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課程來源:TED
     

 

Jonathan Klein 談改變世界的照片

Jonathan Klein:Photos that changed the world

 

Photo of three lions hunting on the Serengeti.

講者:Jonathan Klein

2010年2月演講,2010年4月在TED上線

 

翻譯:魚骨頭

編輯:洪曉慧

簡繁轉換:洪曉慧

後制:洪曉慧

字幕影片後制:謝旻均

 

影片請按此下載

MAC及手持裝置版本請按此下載

閱讀中文字幕純文字版本

 

關於這場演講

攝影師不僅記錄歷史,也創造歷史。在TED大學,來自華蓋創意的Jonathan Klein展示了一些最具標誌性的圖片,並談論了當一代人,看到一張讓人無法轉移目光的照片時,會做些什麼。

 

關於Jonathan Klein

Jonathan Klein經營了華蓋創意,一個擁有大量照片和插圖的圖片庫,這些是他們創意活動的主要支柱。

 

為什麼要聽他演講:

即便你不常用(或不熟悉)互聯網,很可能你上一次上網—或者上一張打開的網頁—你會看到來自華蓋創意圖片庫的照片。華蓋創意的照片和插圖處處可見,應用於你能想到的各個領域。不必驚訝,華蓋創意起步於資訊時代,以互聯網和光碟為傳播媒介,以此擊敗了傳統的印刷機構。

 

Jonathan Klein,華蓋創意的共同創始人(與Mark Getty一起)和現任行政總裁,使公司在過去15年中取得了成功。他於九十年代領導公司進行了大規模的照片庫收購活動,到了兩千年的今天,在其龐大的圖片庫中,又加入了社論照片、連續鏡頭和音樂。但是他的故事不止於他的經營技巧。聽Klein的演講,人們很快便能領會他對照片的激情—不僅用來記錄生活或記錄歷史,不僅用來銷售產品或進行公關活動—也可以改變公眾的觀念,或許,可以讓世界變得更加公正。

 

Klein擔任愛滋病商業聯盟和Real Networks (影音公司,流行播放器RealPlayer的創造者)的董事會成員。

 

「照片便觸動了人們的內心,從而致使改變的發生」

—Jonathan Klein

 

Jonathan Klein的英語網上資料

網站: Getty Images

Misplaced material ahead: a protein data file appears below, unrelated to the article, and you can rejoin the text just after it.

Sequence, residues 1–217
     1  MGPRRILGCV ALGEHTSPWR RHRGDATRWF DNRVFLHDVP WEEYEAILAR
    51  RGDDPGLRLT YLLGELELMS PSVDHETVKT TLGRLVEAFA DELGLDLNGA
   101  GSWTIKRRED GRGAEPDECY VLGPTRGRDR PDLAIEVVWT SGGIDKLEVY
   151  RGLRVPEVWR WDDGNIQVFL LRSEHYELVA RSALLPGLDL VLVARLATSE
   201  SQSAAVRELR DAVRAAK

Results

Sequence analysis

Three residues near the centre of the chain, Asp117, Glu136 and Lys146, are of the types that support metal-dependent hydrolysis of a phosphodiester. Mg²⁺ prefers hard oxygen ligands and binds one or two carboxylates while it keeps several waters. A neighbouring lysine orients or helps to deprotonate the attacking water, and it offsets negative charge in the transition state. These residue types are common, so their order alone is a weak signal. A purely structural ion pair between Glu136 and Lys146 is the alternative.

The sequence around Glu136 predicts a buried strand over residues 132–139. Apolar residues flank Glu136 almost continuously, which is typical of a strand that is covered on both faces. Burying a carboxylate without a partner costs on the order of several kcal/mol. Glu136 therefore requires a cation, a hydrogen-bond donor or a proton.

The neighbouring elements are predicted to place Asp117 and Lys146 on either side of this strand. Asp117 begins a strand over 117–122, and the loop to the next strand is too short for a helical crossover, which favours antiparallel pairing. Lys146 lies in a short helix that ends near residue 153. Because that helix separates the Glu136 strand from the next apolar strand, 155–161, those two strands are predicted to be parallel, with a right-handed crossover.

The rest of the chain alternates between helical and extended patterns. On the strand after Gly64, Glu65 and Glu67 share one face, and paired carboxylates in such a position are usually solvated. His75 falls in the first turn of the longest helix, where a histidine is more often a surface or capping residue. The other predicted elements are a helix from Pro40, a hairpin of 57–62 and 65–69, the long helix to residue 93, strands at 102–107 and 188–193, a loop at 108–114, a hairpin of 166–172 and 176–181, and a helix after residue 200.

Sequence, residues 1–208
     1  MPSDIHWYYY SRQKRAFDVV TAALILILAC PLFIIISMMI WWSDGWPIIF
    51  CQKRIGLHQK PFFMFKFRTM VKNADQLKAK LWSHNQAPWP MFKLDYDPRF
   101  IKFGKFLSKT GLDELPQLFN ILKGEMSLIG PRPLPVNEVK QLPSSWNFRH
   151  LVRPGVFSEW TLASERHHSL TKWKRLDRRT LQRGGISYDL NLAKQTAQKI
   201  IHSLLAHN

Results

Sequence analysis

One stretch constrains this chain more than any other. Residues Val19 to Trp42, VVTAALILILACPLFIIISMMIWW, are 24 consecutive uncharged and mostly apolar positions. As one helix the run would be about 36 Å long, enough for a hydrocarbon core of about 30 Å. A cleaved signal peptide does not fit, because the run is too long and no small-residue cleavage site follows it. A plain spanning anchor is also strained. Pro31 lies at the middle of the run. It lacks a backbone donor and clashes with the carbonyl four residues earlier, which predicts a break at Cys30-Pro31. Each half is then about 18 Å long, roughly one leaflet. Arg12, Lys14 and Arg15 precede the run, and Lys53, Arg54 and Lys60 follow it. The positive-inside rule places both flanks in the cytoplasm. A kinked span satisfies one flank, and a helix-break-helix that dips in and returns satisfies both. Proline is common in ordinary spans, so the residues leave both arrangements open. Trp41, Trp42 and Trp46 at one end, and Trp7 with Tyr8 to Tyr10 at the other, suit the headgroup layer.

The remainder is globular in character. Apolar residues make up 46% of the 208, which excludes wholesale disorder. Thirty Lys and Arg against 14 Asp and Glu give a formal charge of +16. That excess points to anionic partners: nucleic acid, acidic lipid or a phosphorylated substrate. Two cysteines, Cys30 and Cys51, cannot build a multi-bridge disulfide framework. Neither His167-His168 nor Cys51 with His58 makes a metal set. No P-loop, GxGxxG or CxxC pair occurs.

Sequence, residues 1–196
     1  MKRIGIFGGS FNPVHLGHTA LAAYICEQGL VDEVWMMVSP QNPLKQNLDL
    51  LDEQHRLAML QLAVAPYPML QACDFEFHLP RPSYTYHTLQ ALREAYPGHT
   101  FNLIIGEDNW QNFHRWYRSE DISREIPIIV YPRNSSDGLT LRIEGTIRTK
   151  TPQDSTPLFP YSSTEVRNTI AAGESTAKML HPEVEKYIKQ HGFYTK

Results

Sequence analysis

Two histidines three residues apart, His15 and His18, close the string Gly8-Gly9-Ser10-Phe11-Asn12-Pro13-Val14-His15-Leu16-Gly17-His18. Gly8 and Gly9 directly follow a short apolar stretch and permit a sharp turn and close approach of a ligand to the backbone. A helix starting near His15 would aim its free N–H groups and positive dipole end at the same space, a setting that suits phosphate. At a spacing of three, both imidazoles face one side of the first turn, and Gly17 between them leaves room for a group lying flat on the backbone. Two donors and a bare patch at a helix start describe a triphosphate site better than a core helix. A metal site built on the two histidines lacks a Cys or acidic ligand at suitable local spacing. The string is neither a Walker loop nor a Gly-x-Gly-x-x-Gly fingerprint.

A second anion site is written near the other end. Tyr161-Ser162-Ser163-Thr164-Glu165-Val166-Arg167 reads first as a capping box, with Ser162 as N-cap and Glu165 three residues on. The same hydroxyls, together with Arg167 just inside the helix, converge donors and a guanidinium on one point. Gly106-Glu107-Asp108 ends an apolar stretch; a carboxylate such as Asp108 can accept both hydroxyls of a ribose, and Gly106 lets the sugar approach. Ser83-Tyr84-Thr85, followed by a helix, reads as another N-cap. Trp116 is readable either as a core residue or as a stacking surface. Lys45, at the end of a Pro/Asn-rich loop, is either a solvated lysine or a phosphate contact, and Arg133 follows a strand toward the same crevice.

[TED科技‧娛樂‧設計]

已有中譯字幕的TED影片目錄(繁體)(簡體)。請注意繁簡目錄是不一樣的。

 

Jonathan Klein 談改變世界的照片

 

在我的行業中,人們相信照片可以改變世界。好吧,我們很天真,天真的像小松鼠。事實上,我們知道照片本身不能改變世界,但我們也知道,自攝影起源以來,照片便觸動了人們的內心,從而致使改變的發生。

 

我們先來看一組照片,我想其中的大部分你們都見過,這些照片是標誌性的,標誌到可能都被用濫了。事實上,它們廣為人知,即便是稍微換了一種形式也認得出來。

 

(笑聲)

 

但我想我們要找另外一些圖片,這些圖片,可以不容置疑地揭露重大問題,可以跨越國界,跨越宗教信仰。這些圖片,可以激勵我們站出來去做些什麼,換句話說,採取行動。這幅圖大家都看過,它改變了我們對物質世界的看法,我們從未以這個角度看過我們的星球。許多人把諸多環保運動的興起,歸因於我們第一次這樣的看到我們的星球,如此渺小,如此脆弱。

 

40年後,這個小組,比任何人都清楚地認識到人類對環境的巨大破壞力,最終,我們對此採取行動。這種破壞力表現在各個方面。例如,這張Brent Stirton在剛果拍下的照片,這些大猩猩被殺害,或者說被處死。毫無疑問,它們引起了國際社會的憤慨。近期,海地地震的發生,讓我們悲哀的意識到大自然的破壞力。

 

而我認為,更為危險的是人類之間的自相殘殺。奧斯威辛集中營的倖存者Samuel Pisar坦言,我將引用他的話,「那場屠殺讓我們知道,即便是最殘暴的自然災害,與喪失了理性與良知的人類相比,都顯得溫和慈祥。」

 

還有另一種迫害,來自阿布格里卜監獄以及關塔那摩監獄的令人震驚的照片,產生了深遠的影響。由於這些照片的公佈,而並非圖片本身,迫使政府改變了其政策。一些人會主張,那些照片比其他運動都更能揭示伊拉克戰爭的真相,而且,那些照片揭下了侵略軍所謂道義的面具。

 

我們往前一點看,六七十年代,越南戰爭的照片幾乎每天在每個美國家庭中都能看到。新聞照片使人們與戰爭受害者面對面,一個被汽油彈燒傷的小女孩,一位在抗議活動中被國民警衛隊殺害的俄亥俄州肯特州立大學學生。事實上,這些圖片本身已經成為了抗議的最強音。

 

照片還有消除人們的無知和猜疑的力量,特別是,對此我講過很多次,在此我只展示一張照片。愛滋病問題。在八十年代,人們對愛滋病患者偏見之大,甚至於不願談及此事。1987年,世界上最有名的女人,威爾士王妃的一個簡單的舉動,抱著患愛滋病的兒童,極大的消除了偏見,在歐洲尤為明顯。她比誰都清楚照片的影響力。